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Bristol Museum

Bristol has a number of museums that are perfect for a day out, the majority of which are free for places to go in Bristol.

The Bristol Museum and Art Gallery

The Bristol Museum and Art Gallery - holds collections of not just regional, but national and international importance. It has been awarded 'designated status' by the government - the classification of being regarded an outstanding museum. It is set in a beautiful building and really has something for everyone for places to go in Bristol throughout its seven art galleries. Find out about dinosaurs, fossils, minerals, archaeology, geology and wildlife and even the Ancient Egyptians! And, if you have little ones with you, make sure you visit the Curiosity – discovery area for the under-fives on the ground floor (it closes 30 minutes before the rest of the museum).
Address - Bristol Museums and Art Gallery, Queen's Road, Bristol, BS8 1R

M Shed

M Shed is fantastic and relatively new on the list of places to go in Bristol museums as it opened in 2011 and incorporated many of the exhibits of the old Bristol Industrial Museum. It’s free and a fun place to visit, and in a great location, so you really can’t miss it if you are in central Bristol. The building is an old transit shed called the ‘M Shed’ which is where it gets its name. It has a range of exhibits showing the working life of the docks and what it has been like to live in the city over the years, through the recollections of the people who shaped the city. One of the favourite exhibits is the old bus where you can visit the upper deck, and also listen to stories of the drivers and passengers.
M Shed is a great space to visit for all ages, and once you are in the area we recommend lunch or a drink afterwards at one of the pop up bars and restaurants next door. Also look out for the Matthew of Bristol, a replica ship which is normally moored outside the museum, and is free to visit, so climb on board and have a look around.
Address - Princes Wharf, Wapping Road, Bristol, BS1 4RN

Blaise Castle House Museum

Blaise Castle House Museum - located in picturesque grounds of the Blaise Estate in Henbury this historic house is free to visit. The museum itself is a late 18th century mansion, housing collections showing the social history of Bristol. If you have the time make sure you take a stroll around the gardens, and visit the Blaise Castle folly in the middle of the grounds. If you have children that still need to burn off some energy the Blaise Castle Play Area is well worth a visit. Admission to the Blaise Castle House Museum is free, and there is no charge for parking either.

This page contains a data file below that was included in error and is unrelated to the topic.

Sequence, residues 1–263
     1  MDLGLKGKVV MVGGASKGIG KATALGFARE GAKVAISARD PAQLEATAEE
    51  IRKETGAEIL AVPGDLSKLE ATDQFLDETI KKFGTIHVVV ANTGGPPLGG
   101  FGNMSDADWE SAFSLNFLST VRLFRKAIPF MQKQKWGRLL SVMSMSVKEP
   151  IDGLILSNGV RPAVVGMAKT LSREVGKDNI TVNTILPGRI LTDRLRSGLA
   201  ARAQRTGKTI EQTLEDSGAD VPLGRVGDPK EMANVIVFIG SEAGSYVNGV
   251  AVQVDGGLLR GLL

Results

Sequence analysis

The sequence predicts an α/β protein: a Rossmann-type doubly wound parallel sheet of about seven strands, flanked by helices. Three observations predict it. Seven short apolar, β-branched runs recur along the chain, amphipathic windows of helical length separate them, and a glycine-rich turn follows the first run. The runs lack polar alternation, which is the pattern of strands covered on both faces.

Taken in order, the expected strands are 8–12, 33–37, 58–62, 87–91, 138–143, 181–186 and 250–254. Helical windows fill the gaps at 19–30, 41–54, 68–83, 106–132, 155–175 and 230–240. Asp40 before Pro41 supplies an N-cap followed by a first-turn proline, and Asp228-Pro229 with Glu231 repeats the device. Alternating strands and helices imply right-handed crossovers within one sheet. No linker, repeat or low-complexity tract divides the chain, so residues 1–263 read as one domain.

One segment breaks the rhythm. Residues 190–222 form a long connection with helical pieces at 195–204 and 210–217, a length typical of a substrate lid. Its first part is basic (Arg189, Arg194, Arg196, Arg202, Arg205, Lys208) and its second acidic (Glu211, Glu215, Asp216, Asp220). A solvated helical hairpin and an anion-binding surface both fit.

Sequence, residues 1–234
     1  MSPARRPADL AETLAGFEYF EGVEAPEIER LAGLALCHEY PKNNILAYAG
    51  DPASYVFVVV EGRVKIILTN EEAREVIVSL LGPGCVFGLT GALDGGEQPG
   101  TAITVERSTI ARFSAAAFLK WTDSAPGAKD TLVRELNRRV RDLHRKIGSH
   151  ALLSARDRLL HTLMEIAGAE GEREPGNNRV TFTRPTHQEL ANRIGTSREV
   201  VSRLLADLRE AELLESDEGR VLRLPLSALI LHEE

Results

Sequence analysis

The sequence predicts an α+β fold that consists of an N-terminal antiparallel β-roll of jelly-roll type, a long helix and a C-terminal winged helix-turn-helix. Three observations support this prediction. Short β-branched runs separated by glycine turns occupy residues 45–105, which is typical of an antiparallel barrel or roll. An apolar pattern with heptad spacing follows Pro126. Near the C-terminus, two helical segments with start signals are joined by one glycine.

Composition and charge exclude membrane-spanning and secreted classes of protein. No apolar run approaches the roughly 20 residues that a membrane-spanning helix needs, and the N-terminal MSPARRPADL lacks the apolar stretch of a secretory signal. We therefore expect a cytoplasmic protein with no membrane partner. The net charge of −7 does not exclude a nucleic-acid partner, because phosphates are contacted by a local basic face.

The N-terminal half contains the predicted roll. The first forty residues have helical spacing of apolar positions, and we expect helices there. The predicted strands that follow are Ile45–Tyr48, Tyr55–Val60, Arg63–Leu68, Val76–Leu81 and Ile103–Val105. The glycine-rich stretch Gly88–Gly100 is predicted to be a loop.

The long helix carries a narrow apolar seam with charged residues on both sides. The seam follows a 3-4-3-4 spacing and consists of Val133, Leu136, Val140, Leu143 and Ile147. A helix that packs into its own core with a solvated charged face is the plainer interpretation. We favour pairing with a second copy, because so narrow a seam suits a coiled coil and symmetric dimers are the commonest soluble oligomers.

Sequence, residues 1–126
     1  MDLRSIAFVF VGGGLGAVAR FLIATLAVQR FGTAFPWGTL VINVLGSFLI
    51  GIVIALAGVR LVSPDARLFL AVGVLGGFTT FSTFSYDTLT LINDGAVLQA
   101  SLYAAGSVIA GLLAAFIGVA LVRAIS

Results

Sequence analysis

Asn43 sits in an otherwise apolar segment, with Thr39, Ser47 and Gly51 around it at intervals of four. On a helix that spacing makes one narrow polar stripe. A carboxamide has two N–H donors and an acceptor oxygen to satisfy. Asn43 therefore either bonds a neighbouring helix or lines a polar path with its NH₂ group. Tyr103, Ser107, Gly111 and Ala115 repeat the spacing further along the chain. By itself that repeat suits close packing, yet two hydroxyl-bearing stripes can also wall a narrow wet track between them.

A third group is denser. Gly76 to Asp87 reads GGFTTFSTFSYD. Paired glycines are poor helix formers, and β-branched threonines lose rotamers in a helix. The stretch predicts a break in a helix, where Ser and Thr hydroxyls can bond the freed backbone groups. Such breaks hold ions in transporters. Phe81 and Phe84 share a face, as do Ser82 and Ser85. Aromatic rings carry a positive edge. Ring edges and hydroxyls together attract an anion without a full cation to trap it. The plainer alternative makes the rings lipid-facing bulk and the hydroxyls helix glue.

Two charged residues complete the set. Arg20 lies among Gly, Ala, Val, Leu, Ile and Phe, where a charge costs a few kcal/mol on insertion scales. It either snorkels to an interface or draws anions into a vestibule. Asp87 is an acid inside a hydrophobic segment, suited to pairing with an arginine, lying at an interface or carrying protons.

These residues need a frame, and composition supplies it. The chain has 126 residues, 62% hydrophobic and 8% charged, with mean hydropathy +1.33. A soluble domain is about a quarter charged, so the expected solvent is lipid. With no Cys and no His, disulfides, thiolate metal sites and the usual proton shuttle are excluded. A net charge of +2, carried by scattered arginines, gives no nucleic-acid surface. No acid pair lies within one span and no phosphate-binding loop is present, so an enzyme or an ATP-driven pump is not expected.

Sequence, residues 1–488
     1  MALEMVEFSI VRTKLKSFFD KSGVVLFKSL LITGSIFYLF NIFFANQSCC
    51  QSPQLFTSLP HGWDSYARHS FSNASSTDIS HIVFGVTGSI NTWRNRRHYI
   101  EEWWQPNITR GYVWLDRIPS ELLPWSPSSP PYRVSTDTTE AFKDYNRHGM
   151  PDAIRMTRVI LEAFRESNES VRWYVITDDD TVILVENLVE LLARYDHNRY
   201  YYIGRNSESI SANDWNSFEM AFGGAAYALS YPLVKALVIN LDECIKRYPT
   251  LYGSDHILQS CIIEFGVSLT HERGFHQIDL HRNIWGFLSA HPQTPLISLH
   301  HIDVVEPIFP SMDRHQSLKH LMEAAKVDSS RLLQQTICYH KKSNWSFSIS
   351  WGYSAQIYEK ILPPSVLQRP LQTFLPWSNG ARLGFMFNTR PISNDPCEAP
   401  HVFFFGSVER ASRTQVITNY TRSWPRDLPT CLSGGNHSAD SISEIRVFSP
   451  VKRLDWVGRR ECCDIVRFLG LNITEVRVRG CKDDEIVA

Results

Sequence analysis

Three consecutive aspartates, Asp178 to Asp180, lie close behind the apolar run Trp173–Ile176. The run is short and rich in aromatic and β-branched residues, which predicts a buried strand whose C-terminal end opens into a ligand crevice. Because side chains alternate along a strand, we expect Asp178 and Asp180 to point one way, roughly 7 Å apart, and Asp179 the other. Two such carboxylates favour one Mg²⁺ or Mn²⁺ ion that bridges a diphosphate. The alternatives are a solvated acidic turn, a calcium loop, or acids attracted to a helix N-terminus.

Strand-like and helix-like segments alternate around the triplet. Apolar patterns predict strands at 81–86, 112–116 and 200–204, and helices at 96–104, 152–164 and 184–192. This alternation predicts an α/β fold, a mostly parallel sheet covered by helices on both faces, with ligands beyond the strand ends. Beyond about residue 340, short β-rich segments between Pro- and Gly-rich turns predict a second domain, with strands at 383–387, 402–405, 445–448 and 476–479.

Address - Blaise Castle House Museum, Henbury Road, Bristol, BS10 7QS

The Georgian House Museum

The Georgian House Museum - Built in 1790 for John Pinney, a wealthy sugar merchant and owner of a slave plantation. The house is set to look at it would have when it was first built, where you can explore how the upper classed lived in the 18th century in Bristol and its connections with slavery. Make sure you visit ‘below stairs’ as well as the upper floors, and look out for the cold water plunge pool used by the master of the house, and the row of bells used to summon the servants! This museum is free to visit.
Address - The Georgian House Museum, Great George Street, Bristol, BS1 5RR

Kings Weston Roman Villa

Kings Weston Roman Villa - In this villa built by the Romans you can discover exactly how the Romans used to live, just outside Bristol. You will be amazed with the intricate mosaic floors and even under floor heating. One of the ‘must see’ Bristol museums tourist attractions if you are interested in the Romans.
Address - Long Cross, Kings Weston Roman Villa, Lawrence Weston, Bristol, BS11 0LP

The Red Lodge Museum

The Red Lodge Museum - The house, with a distinctive red door was originally a garden lodge and is a great example of Elizabethan, Stuart and Georgian styles. Built in 1580 for Sir John Young, the property has a number of impressive rooms, such as the Great Oak Room - with original Elizabethan features, including plasterwork on the ceiling and oak panelling. It also has a beautifully constructed brick well which was only discovered in 2010 and is believed to have been built at the same time as the original part of the house around 1580. The well had been covered over, perhaps since the middle of the 19th century when the Bristol Waterworks Company bought piped water to Bristol - you can now walk over the well on a glass panel.
Address - The Red Lodge Museum, Park Row, Bristol, BS1 5LJ

Bristol Archives

Bristol Archives collect all kind of records relating to Bristol and are a great resource if you are doing any kind of research such as researching your family history, or researching the history of Bristol and the surrounding areas. Their collection starts from the 12th century and covers many aspects of Bristol’s history. If you are looking for something in particular, please ask a member of staff and make sure you follow their procedures as they are there to protect the archive.
Address - Bristol Archives, 'B' Bond Warehouse (via Create Centre), Smeaton Road, Bristol BS1 6XN